Twitter is making a change to its site that will let users receive direct messages from people who aren’t following them back.
Twitter will be coming off its biggest quarterly loss in the past three years when the online messaging service brings its IPO to the New York Stock Exchange later this fall.
People don’t just watch TV anymore; they talk about it on Twitter. From the comfort of couches, they share reactions to touchdowns and nail-biting season finales – and advertisers and networks are taking note.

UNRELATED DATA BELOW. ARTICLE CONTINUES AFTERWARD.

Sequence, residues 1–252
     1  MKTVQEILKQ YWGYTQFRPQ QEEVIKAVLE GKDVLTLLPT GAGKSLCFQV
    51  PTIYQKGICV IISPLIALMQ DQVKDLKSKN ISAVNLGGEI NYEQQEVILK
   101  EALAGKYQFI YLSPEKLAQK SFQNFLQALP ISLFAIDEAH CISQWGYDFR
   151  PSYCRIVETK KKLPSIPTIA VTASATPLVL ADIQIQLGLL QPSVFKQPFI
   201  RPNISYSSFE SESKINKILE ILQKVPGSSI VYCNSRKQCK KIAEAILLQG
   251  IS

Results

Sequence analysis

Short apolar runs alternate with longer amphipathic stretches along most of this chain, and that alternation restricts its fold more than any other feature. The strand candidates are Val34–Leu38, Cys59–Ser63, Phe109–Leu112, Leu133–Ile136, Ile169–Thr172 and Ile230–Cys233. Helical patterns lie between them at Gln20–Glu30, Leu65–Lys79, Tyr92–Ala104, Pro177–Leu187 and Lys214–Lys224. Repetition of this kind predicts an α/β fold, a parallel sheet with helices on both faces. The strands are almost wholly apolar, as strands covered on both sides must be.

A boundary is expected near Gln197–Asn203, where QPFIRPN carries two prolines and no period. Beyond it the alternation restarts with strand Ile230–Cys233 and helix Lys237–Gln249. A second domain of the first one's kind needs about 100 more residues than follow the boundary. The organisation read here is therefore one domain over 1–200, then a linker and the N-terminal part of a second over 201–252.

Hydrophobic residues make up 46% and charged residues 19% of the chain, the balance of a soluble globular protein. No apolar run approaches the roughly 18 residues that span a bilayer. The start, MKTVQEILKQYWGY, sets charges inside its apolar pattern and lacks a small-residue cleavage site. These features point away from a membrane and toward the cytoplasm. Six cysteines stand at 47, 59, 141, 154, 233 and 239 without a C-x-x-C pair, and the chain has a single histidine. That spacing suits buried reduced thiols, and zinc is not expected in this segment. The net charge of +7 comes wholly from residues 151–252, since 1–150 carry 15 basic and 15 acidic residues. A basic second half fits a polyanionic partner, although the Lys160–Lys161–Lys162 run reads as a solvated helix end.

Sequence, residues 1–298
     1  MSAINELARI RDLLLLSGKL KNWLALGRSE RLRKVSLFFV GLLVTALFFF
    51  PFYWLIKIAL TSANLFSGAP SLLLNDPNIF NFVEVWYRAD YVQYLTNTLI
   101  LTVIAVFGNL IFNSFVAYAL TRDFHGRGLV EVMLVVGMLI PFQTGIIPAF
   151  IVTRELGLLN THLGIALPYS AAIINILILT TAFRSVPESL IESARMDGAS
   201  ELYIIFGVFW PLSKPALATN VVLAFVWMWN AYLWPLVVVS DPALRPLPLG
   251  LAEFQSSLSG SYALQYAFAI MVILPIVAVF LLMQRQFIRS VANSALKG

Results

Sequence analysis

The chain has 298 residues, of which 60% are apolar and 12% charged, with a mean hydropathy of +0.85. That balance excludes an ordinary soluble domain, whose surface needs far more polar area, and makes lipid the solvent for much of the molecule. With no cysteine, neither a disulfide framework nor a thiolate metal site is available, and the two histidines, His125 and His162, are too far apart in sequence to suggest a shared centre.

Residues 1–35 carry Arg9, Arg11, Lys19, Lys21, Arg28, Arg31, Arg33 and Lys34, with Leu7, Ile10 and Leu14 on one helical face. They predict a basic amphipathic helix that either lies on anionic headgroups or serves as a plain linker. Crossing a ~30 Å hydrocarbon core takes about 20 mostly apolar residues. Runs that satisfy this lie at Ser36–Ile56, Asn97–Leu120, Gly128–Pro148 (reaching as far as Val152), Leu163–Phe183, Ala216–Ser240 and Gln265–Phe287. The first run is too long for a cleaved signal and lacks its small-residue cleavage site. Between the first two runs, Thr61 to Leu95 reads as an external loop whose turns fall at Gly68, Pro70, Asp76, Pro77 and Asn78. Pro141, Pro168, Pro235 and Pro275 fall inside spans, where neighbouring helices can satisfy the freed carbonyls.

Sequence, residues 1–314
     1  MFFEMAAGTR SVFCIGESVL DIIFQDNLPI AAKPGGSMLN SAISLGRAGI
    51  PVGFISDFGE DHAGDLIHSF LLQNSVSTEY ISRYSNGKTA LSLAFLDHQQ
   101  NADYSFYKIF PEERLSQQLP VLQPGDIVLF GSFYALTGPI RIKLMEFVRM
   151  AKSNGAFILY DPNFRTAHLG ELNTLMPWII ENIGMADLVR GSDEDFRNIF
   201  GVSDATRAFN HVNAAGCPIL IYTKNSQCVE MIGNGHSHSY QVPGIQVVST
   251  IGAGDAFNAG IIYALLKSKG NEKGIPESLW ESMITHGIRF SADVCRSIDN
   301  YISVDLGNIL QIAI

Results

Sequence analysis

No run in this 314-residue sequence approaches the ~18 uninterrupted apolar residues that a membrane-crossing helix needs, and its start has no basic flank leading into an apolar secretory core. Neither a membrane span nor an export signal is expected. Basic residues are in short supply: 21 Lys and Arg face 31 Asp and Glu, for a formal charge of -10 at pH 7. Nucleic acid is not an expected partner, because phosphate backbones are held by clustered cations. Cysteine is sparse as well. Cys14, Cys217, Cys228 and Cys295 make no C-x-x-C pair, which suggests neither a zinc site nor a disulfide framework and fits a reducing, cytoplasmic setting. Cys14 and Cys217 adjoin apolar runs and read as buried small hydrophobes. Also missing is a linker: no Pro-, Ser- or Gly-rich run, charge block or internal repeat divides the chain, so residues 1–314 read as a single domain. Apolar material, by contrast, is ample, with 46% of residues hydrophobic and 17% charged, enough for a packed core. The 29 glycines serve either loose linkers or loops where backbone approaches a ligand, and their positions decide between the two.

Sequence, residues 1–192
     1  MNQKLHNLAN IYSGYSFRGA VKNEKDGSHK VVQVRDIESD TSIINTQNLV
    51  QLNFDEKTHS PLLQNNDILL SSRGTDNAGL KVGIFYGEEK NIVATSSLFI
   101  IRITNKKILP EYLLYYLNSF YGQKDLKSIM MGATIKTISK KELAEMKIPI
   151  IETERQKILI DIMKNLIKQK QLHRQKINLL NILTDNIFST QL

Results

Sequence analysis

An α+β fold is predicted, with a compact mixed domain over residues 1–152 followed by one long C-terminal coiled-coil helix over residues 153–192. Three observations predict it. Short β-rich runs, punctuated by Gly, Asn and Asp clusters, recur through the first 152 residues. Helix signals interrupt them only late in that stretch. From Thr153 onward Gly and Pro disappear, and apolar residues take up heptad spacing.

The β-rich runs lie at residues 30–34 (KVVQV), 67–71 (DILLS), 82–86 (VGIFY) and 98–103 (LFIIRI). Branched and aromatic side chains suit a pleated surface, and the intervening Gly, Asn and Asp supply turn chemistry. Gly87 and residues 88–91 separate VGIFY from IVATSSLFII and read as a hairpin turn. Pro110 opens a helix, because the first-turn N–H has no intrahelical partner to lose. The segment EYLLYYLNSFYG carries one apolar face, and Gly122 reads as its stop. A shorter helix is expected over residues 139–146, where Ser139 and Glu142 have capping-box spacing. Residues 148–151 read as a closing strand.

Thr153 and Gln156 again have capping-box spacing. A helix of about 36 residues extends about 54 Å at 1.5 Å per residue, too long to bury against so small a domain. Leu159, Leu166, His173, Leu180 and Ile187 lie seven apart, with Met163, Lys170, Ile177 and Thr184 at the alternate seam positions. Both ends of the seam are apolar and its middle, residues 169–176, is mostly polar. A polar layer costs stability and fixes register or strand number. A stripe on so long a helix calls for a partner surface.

Twitter, a privately held company built on blurbs, has finally laid itself bare in documents that read more like a treatise than a tweet.
The personal fortune of Twitter co-founder Evan Williams probably will take up 10 characters once the online communications company goes public.
A bankrupt electronics retailer appears to have gotten caught up in the investor fervor for Twitter.
Twitter is so deeply ingrained in the cultural conversation that its initial public offering is likely to be a hot topic on its trend-setting service for the next few months. Its stock market debut is also likely to be the most scrutinized coming-out party since Facebook went public in May 2012 and promptly flopped.